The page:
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Bar chart analysis is not limited to daily bar charts. Weekly
and monthly charts provide a valuable long-term perspective
on market history that cannot be obtained by
using daily charts alone. The daily bar chart usually shows up to
twelve months of price history for each market. Weekly charts
show almost five years of data, while the monthly charts go
back over 20 years (See Figure 10-1).
By studying these charts, the chartist gets a better idea of long term
trends, where historic support and resistance levels are located,
and is able to obtain a clearer perspective on the more recent
action revealed in the daily charts from tradingtrainer. These weekly and
monthly charts lend themselves quite well to standard chart
analysis described in the preceding pages. The view held by
some market observers that chart analysis is useful only for
short-term analysis and timing is simply not true. The principles
of chart analysis can be used in any time dimension.
Using Intraday Charts
Daily and weekly charts are useful for intermediate- and long term
analysis. For short-term trading, however, intraday charts are extremely valuable. Intraday charts usually show only a few
days of trading activity. A 15-minute bar chart, for example,
might show only three or four days of trading. A 1-minute or a
5-minute chart usually shows tradingtrainer only one or two days of trading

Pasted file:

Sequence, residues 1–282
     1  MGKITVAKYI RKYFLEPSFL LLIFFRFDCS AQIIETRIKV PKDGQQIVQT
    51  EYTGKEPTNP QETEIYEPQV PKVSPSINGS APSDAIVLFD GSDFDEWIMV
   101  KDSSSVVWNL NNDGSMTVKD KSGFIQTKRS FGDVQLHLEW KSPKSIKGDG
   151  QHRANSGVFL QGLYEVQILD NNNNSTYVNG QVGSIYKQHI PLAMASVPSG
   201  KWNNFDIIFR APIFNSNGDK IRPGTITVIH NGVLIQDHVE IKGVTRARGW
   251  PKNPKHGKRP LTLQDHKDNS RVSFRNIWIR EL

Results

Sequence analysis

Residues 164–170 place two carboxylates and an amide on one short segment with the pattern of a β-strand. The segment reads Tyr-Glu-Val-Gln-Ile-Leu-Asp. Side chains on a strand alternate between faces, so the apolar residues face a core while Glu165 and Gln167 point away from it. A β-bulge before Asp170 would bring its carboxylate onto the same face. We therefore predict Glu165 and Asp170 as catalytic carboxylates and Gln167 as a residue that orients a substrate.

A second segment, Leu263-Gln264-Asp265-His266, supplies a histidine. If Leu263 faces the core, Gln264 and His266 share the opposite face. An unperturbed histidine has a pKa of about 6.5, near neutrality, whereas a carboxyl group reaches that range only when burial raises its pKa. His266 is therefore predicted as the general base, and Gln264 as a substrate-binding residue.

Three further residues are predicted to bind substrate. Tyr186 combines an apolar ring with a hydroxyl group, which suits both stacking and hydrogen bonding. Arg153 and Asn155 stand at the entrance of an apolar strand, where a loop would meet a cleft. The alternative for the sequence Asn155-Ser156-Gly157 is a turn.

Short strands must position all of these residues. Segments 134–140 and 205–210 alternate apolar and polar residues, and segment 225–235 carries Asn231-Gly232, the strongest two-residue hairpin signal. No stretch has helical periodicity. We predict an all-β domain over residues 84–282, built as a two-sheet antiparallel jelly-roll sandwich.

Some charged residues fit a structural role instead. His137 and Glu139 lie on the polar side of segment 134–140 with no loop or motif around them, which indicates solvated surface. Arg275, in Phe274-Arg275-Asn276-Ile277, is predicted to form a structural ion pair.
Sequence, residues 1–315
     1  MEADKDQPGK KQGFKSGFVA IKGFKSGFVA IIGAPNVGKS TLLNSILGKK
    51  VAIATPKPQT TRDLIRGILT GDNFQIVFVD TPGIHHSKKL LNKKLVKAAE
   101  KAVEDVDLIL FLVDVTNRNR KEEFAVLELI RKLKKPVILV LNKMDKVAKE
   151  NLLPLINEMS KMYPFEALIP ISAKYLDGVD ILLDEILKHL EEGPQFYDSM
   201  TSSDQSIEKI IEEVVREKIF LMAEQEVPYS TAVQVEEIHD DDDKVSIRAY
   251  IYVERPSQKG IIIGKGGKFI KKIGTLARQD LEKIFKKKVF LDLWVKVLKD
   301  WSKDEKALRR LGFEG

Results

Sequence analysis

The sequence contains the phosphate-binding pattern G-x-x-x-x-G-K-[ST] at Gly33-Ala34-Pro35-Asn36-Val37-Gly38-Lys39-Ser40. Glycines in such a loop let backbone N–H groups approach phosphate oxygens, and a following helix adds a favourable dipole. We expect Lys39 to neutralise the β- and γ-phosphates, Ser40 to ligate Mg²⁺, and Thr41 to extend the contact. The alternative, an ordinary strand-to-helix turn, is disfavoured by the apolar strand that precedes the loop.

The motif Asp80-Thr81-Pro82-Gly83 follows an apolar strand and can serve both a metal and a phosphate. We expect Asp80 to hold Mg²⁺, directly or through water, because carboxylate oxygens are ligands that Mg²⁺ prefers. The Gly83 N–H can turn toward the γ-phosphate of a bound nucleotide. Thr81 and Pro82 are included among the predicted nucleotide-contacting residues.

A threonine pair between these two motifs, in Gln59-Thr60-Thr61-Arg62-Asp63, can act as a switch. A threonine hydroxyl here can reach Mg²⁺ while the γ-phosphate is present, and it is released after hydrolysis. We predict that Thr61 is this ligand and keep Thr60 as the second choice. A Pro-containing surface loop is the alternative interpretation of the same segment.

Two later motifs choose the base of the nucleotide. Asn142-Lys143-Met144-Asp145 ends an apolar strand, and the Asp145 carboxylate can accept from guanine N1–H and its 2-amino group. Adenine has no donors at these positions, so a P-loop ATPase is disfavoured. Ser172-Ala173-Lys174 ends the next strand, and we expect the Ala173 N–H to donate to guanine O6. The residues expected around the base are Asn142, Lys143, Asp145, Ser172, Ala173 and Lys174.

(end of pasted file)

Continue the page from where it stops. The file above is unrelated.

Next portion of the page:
respectively, and is generally used for day-trading purposes.
Fortunately, all of the chart principles described herein can also
be applied to intraday charts (See Figure 10-2).
Going From the Long Term to the Short Term
As indispensable as the daily bar charts are to market timing
and analysis, a thorough chart analysis should begin with the tradingtrainer
monthly and weekly charts—and in that order. The purpose of
that approach is to provide the analyst with the necessary long term
view as a starting point. Once that is obtained on the 20-
year monthly chart, the 5-year weekly chart should be consulted. Only then should the daily chart be studied. In other words,
the proper order to follow is to begin with a solid overview and
then gradually shorten the time horizon. (For even more microscopic
market analysis, the study of the daily chart can be followed
by the scrutiny of intraday charts.)
The idea of beginning one’s analysis with a broader view
and gradually narrowing one’s focus has another important
application in the field of market analysis. That has
to do with utilizing a “top-down” approach to analyzing the
stock market. This approach utilizes a three-step approach to
finding winning stocks. It starts with an overall market view to
determine whether the stock market is moving up or down,
and whether this is a good time to be investing in the market.
It then breaks the stock market down into tradingtrainer market sectors and
industry groups to determine which parts of the stock market
look the strongest. Finally, it seeks out leading stocks in those
leading sectors and groups.
THE FIRST STEP: The Major Market Averages
The intent of the first step in the “top-down” approach is to
determine the trend of the overall market. The presence of a
bull market (a rising trend) is considered a good time to invest
funds in the stock market. The presence of a bear market (a
falling trend) might suggest a more cautious approach to the
stock market. In the past, it was possible to look at one of several
major market averages to gauge the market’s trend. That was because most major averages usually trended in the same
direction per tradingtrainer. That hasn’t always been the case in recent history